This definition is not specific to Adichie. Wilchins suggests that feminist theory “has actually helped obscure the notion of gender transgression and the political aspirations of those who transcend gender norms by articulating its politics as if the whole world were divided neatly, naturally into Boys and Girls” (Wilchins, 126). This argument against feminism seems valid enough, especially when we consider the language available to us when talking about gender. We refer to each other with binary pronouns and labels. Perhaps the message would be better received if Adichie’s ideas were rephrased as such: “Why do we repeatedly value the performance of one gender over another? Why is are some performances only acceptable under certain gender categories?” The inequalities within gender categories are still expressed, but this language allows for the examination of said inequality in a more inclusive manner.
From what I have observed through research of both feminism and queer theory, it is the language we use surrounding gender that tends to be more troubling than the categorizations of identity themselves. While feminism was initiated to work toward gender equality, the pitting of women against men strengthened the binaries between them rather than bridging a gap. For example, Wilchins says “just as feminists complain that patriarchy tries to reduce all women to a single narrow stereotype, so reducing patriarchy to a single narrow stereotype proves feminists can engage in the same tactic” (Wilchins, 127). Queer theory is often in search appropriate language assertions, sometimes employing the term “transgendered” or “queer” to refer to individuals who transcend gender normatives. As Riki Wilchins states, even an identity as seemingly “uncomplicated” as Woman has the ability to be altered through language’s ability to reconstruct (or deconstruct) the rules. Therefore, language is the tool for which new performatives are completed.
If the category of Woman can be destabilized through queer theory, then why not marriage? Both identities are constructed, and have been proven to be limiting within heternormative boundaries. This research has demonstrated how extensively queer theorists have worked to destabilize Woman as a more inclusive gender. However, the majority of theorists do not feel the same way about marriage. In Chapter 3 of The Trouble With Normal, Michael Warner questions the goal to achieve gay marriage as a progression for the community, due to problems he observes within the very institution. Conventional marriage is the original design and therefore, the normal identity for which other identities strive to achieve.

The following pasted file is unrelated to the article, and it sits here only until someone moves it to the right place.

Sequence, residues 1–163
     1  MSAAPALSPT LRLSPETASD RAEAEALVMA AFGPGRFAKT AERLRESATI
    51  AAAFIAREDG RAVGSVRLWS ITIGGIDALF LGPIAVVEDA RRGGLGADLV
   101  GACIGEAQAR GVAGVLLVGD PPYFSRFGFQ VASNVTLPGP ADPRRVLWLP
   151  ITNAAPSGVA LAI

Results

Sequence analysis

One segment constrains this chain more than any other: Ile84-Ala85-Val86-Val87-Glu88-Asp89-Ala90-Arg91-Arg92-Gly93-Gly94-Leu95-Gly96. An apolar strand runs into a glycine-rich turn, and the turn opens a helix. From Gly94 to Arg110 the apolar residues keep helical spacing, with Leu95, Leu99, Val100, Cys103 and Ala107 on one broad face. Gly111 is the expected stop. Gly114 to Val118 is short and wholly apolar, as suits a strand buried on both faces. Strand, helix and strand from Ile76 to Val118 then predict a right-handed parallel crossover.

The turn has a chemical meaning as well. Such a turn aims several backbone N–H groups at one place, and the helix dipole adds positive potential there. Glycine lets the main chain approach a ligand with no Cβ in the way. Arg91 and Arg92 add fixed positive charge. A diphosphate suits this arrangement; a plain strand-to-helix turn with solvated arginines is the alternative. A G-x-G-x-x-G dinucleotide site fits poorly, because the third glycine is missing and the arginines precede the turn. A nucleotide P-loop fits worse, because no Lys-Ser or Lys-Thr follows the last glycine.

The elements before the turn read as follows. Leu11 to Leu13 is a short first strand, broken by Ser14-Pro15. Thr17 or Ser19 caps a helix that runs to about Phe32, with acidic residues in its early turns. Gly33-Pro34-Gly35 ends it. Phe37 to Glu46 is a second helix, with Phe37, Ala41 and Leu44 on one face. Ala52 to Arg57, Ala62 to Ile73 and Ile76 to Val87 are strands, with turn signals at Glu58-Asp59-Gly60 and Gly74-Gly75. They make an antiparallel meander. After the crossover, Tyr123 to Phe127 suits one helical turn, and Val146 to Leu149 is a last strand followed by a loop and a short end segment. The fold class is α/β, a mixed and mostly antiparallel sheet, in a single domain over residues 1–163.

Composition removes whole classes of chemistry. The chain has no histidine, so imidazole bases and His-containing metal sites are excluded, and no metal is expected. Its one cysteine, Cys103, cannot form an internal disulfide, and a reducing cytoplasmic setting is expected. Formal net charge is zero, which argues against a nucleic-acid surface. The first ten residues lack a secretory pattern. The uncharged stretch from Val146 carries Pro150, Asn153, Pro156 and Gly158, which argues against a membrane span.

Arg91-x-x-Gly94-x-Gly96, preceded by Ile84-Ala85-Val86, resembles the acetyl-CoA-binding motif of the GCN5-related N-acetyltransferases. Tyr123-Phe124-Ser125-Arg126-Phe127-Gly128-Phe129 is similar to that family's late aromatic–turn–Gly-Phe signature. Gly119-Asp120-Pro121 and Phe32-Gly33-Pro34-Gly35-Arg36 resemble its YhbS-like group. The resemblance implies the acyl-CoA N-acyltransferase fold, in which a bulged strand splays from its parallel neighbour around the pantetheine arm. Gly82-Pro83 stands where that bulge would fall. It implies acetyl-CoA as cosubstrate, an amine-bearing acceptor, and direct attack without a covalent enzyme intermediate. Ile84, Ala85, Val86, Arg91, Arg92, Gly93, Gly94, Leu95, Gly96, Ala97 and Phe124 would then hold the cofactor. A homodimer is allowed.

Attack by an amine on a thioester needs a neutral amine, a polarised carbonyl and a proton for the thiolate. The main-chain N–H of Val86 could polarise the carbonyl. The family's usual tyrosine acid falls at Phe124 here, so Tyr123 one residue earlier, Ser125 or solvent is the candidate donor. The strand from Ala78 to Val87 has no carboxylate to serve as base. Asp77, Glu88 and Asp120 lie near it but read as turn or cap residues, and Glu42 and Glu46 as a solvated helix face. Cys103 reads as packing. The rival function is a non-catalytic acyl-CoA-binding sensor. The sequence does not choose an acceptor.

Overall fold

According to Warner, the attempts of the LGBTQA community to reach this ideal identity category is oppressive rather than liberating, because said “ideal” category is a reinforcement of heteronormativity. He states, “Since the desire to marry is an aspect of the normativity of marriage, it cannot be said to validate the norm, any more than the desire to buy a Coke validates capitalism” (Warner, 109). Like the Coca Cola polar bears, is the advertisement for this social construction so irresistible that choice is virtually removed from individual? Why are we driven to participate in marriage, even though we are knowledgeable of its construction and oppressive history?
Despite the patterns of oppressions observed in marriages such as limited independence, marriage presents certain benefits for those who subscribe. In A Game of Thrones, Daenarys is promised a nice home, servants and the protection of an army through her marriage to Khal Drogo. A married couple in America currently married benefits in terms of taxes, estate planning, government and employee benefits and medical funding. A married couple also has a greater chance of being granted adoption rights and insurance discounts. Warner states, “The strategic question facing the lawyers is this: should we try to extend benefits and recognition even further beyond conventional marriage, uncoupling them from marital status and making them available to individuals, households and intimate relations? Or should we claim for ourselves the status of marriage and thereby restrict entitlements and recognition of it” (Warner, 108). This is a valid question. The language in this conversation is not the identities of each married person, but of other societal constructions that have virtually nothing to do with those identities.